Neurotransmission is the method by which nerves “speak” to each other so impulses can be sent from one part of your body to the brain and back. For example, when you touch a hot plate by accident, it doesn’t take long before you quickly let go of the plate. The reason you let go quickly is because of neurotransmission. Certain types of neurons or nerves (called afferents) bring information to the central nervous system where it is processed and then signals are transferred back to the target site (such as your hand touching the hot plate) by different nerves (called efferents) telling you to immediately let go of that hot object. It’s like the flow of traffic into a city during rush hour. People work all day and then drive in the opposite direction on their way home (afferents in the morning going in the city or “brain” and efferents in the evening bringing new information home). This “give and take” process of information coming in, being processed, and going out helps coordinate our bodily functions. This allows us to constantly adapt to surrounding changes in temperature, stress, noise, and so on.
Each neuron has as many as 1,500 connections to other neurons, but they don’t actually touch one another. Rather, there are “synapses” where nerve impulses stimulate the release of calcium and neurotransmitters, which either inhibit or excite another neuron. If the total excitatory stimuli are greater than the inhibitory stimuli, that neuron will “fire” and create a new connection resulting in an action (like dropping the hot plate).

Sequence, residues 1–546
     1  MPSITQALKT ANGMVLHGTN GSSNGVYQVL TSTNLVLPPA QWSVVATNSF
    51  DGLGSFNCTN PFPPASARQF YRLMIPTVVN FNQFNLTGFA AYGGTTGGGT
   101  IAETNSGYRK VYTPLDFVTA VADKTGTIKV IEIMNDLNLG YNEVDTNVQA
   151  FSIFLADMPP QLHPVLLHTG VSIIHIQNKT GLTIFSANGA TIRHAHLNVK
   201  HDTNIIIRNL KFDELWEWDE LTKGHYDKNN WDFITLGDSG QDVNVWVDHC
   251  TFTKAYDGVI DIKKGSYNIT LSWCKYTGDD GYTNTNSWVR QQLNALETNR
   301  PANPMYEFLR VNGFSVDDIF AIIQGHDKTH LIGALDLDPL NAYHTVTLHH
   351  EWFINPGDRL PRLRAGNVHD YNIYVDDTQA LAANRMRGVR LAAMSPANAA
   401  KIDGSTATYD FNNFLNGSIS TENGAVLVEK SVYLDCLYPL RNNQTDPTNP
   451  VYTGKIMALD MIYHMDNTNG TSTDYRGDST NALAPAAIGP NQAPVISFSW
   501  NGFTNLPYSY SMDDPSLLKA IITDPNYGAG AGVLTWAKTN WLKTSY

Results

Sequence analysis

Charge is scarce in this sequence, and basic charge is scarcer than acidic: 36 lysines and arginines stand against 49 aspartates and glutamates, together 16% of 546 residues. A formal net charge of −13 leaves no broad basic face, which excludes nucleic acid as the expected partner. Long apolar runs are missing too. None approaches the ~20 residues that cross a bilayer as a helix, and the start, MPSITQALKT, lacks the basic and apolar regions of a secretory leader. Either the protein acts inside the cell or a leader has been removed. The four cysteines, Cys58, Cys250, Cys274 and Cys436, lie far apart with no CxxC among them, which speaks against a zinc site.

Okay, sorry for the enthusiastic description and details of neurotransmission. More importantly, how does all this relate to fibromyalgia? A 2012 study published in the journal Nature reported that a single protein (alpha 2 delta), “…exerts a spigot-like function controlling the volume of neurotransmitters and other chemicals that flow between the synapses of brain neurons.” This study shows how brain cells “talk to each other” through these synapses relaying feelings, thoughts, and actions and how this powerful protein plays a crucial role in regulating effective communication in the brain. They found that if they added or decreased this single protein (alpha 2 delta), then the speed of neurotransmission increased or decreased by opening or closing the calcium channels that trigger neurotransmission release.
The relationship between calcium and neurotransmission has been known for 50 years, but how to “turn on or off” the volume is a new discovery. The researchers hope this finding will help in the design of new medications that will help regulate the neurotransmission in the brain, thus help reduce the increased pain perception found in people suffering from fibromyalgia.
Our aim in sharing this information with you is to keep you informed with what is on the cutting edge of research as we’ve said many times before, a “team” of healthcare provision is the BEST way to manage FM including chiropractic and primary care!
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